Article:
Posted on February 25th, 2009 by admin
6,000 year-old footprints baked into volcanic ash border the southern shore of Lake Nicaragua, harking back to an age when actives volcanoes presided over the land and humans lived sparsely among them. Today, Central America’s largest country has been coined the ‘land of lakes and volcanoes’ and boasts 40 volcanoes, six of which are active. The southwest is punctuated by Lago Nicaragua, a lake the size of Puerto Rico, big enough to hide two volcanoes within its depths (as well as the world’s only fresh-water shark). No longer the political hotbed it was in the 80’s, Nicaragua is considered the safest Central American country for travelers.
The Pacific coast offers world-class surf breaking on oftentimes sparsely populated beaches: white and dark sands roll back into lush and diverse forests. Slowly but surely, Nicaragua is developing a tourism infrastructure to accommodate those riding in on their boards, and you’ll find an increasingly diverse array of options, from luxury resorts to camping spots.
The Atlantic coast of Nicaragua is another world into itself: “The Atlantic Coast [of Nicaragua] is perhaps best understood if one imagines it as a Caribbean island that, by some geological catastrophe, drifted toward Central America and found itself part of a foreign nation,” writes Stephen Kinzer, the former New York Times bureau chief in Nicaragua. The Atlantic coast is less explored than the burgeoning Pacific, with harder to access and less known surf breaks.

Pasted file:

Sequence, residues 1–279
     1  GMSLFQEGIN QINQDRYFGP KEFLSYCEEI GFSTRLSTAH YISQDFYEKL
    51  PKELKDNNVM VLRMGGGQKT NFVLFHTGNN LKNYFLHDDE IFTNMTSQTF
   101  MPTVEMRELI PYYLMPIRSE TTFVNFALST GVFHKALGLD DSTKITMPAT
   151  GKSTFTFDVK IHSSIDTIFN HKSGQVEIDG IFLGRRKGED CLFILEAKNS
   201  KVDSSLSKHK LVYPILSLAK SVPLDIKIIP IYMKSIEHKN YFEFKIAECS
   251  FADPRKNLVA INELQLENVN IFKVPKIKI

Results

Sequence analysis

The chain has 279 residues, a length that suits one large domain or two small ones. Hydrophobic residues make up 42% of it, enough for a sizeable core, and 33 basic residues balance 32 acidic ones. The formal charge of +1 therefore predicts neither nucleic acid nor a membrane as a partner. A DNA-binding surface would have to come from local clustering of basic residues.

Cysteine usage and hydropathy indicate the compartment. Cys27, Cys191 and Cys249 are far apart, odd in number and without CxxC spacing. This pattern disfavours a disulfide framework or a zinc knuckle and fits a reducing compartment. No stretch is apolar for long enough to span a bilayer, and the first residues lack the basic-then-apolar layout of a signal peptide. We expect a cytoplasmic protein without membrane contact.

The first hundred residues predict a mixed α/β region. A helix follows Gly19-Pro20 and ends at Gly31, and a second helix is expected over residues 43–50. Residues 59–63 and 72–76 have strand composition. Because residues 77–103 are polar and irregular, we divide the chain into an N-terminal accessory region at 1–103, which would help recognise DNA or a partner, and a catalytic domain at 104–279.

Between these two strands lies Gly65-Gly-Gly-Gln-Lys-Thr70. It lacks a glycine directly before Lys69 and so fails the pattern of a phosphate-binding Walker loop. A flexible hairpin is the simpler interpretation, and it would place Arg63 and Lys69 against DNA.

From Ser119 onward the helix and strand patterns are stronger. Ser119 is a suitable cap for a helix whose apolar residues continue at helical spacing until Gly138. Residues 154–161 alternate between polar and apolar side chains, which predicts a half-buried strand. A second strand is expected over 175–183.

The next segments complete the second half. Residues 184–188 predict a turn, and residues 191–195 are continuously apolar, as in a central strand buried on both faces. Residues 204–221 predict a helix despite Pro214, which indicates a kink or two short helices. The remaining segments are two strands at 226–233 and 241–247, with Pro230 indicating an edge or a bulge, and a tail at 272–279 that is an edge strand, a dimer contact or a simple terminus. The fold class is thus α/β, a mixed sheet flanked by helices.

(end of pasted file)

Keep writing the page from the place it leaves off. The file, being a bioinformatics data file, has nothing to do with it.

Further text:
Quite apart from the swells that roll in from brilliant blue seas, something else elusive about Nicaragua will captivate you. Days and nights hang in perfect equilibrium of twelve and twelve; expect the sun to rise at six and set at six, the latter a languid spectacle of colors that will last through several ice cold Toñas, the national beer. Perhaps this elusive quality has to do with Nicaraguans, a people that haven’t forgotten their tumultuous past but have moved on to embrace life deeply. After dinner, Nicaraguans lean back and sigh with a smile: Full belly, happy heart. Indeed, in Nicaragua, it doesn’t take much to make a heart happy.